Ideally one that's similar to the environment of the company you're applying to. Be specific.
Wow, do we have problems! Where do I begin? Well, most of the problems are internal, just people not working well with each other. I have one person on our team who is a real problem, but it seems like management is afraid to do anything about it. So we all end up having to do extra work to cover for this person, who just doesn't work. We all say that he's retired in place. I think he's just holding on until retirement in a couple years. But he's a real problem. I complain about it--a lot--but nothing ever seems to get done. I've even written negative reviews about the person, hoping he will get canned, but it doesn't happen. I can't wait for him to retire.
Success is defined differently for everybody. Just make sure the parameters are defined by you with regards to work life balance, financial gain, career growth, achievements, creating meaningful work / products and so forth. If you can clearly articulate what it means to you that is a strong answer.
This question is designed to see if you can rise the occasion. You want to discuss how you are the type to battle competition strongly and then you need to cite an example if possible of your past work experience where you were able to do so.
One good way to find out about the department is to try to "informally" interview the existing employees over coffee (outside of the office) if possible. It's hard if you don't have any connections there, but if you do a great way to learn about it. Other than that, it's often hard to learn about the department so you can turn the table back on them by asking questions to learn about it.
I am dedicated, hardworking and great team player for the common goal of the company I work with. I am fast learner and quickly adopt to fast pace and dynamic area. I am well organized, detail oriented and punctual person.
Bad Answer: Candidates who are unable to answer the question, or give an answer that is far above market. Shows that they have not done research on the market rate, or have unreasonable expectations.
Good answer: A number or range that falls within the market rate and matches their level of mastery of skills required to do the job.
For this be prepared and research salary to find out what similar positions are paying in your area before you go to the interview. Try to find this information out before giving your salary expectations. You can and should provide a range instead of an exact number. But again, don't say any numbers you're not comfortable with because if the employer offers you a salary at the lowest end of your range, you don't have much to negotiate with when it comes to getting a higher salary.
If you truly believe you're a 10, you better be able to explain why with examples / stories. If you believe you're a great contributor and have room to grow, say 8 or 9. If you're below that, explain what you would do to improve yourself to get the ranking you believe you can be.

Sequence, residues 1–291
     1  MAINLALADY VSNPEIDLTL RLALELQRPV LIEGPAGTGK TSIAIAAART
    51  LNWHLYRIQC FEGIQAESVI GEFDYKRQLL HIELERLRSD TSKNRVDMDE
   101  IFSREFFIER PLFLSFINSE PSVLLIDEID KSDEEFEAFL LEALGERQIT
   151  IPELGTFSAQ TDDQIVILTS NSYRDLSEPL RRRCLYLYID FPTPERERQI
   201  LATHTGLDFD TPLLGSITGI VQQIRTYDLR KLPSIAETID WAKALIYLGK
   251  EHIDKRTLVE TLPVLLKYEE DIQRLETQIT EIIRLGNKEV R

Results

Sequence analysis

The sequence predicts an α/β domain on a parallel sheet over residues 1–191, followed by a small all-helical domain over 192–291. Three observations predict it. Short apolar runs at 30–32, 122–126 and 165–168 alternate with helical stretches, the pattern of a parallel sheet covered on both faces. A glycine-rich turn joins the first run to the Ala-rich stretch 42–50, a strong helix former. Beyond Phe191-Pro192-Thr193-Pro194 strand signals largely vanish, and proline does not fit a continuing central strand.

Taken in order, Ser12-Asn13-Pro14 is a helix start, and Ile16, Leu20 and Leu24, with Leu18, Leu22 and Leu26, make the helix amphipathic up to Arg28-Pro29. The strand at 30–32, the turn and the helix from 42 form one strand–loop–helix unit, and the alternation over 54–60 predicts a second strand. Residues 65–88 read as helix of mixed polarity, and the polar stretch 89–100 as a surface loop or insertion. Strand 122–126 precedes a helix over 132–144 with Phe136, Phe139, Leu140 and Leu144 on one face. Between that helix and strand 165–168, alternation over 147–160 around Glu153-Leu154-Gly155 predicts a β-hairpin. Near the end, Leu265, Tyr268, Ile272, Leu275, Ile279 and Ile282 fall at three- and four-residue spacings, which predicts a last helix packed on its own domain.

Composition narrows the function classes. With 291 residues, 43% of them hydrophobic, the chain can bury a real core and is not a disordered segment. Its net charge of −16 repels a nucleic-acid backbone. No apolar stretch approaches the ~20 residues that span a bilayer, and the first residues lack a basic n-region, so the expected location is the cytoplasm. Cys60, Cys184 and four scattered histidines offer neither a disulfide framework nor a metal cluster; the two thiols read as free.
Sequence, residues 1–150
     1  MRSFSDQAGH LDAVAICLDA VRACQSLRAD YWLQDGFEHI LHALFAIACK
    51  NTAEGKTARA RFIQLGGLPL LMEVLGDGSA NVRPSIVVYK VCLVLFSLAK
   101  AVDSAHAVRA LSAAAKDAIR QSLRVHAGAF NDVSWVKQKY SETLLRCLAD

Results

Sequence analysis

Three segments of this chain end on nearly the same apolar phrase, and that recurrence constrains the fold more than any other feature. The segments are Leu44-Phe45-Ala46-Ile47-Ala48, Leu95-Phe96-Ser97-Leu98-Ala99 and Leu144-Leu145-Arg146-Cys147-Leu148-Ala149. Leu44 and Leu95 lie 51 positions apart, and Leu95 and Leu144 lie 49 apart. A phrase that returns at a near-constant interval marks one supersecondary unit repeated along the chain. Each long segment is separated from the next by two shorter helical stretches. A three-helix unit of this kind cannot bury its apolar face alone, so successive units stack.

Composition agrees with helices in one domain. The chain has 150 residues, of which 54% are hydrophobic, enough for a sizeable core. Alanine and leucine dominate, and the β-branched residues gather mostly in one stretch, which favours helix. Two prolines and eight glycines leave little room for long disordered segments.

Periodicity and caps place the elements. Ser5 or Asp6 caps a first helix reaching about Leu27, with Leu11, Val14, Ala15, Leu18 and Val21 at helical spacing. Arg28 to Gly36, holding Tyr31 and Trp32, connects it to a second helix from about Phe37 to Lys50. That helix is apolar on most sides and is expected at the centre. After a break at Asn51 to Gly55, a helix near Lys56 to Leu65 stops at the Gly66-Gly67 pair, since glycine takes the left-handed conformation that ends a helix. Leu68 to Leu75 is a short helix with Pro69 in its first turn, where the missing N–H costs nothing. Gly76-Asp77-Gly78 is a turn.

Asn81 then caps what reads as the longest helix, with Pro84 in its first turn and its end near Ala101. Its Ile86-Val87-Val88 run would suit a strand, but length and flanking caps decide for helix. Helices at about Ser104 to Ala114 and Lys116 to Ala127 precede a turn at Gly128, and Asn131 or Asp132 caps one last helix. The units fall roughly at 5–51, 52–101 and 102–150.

Interviewers expect a candidate for employment to discuss what they do while they are working in detail. Before you answer, consider the position As Wastewater Treatment Operator you are applying for and how your current or past positions relate to it. The more you can connect your past experience with the job opening, the more successful you will be at answering the questions.
Describe the problem first and then discuss how you were able to fix it.
Never ask Salary, perks, leave, place of posting, etc. regarded questions. Try to ask more about the company to show how early you can make a contribution to your organization like. “Sir, with your kind permission I would like to know more about induction and developmental programs?” OR Sir, I would like to have my feedback, so that I can analyze and improve my strengths and rectify my shortcomings.
Quality work to be is about doing work to the require or set standard, which is very important when it comes to warehouse operations.
If you want to show your ambition, you can discuss how you haven't reached all of your goals yet and in that sense aren't satisfied. However, if you want to discuss satisfaction from your job discuss an experience in which you achieved something.
Yes.. When it comes down to the wire, the best thing I can to remain focused, have some flexibility, and understand priorities.. Giving them attention in the order they are needed.
Trying to create competitive atmosphere, trying to motivate the team as a whole, organizing team building activities, building good relationships amongst people.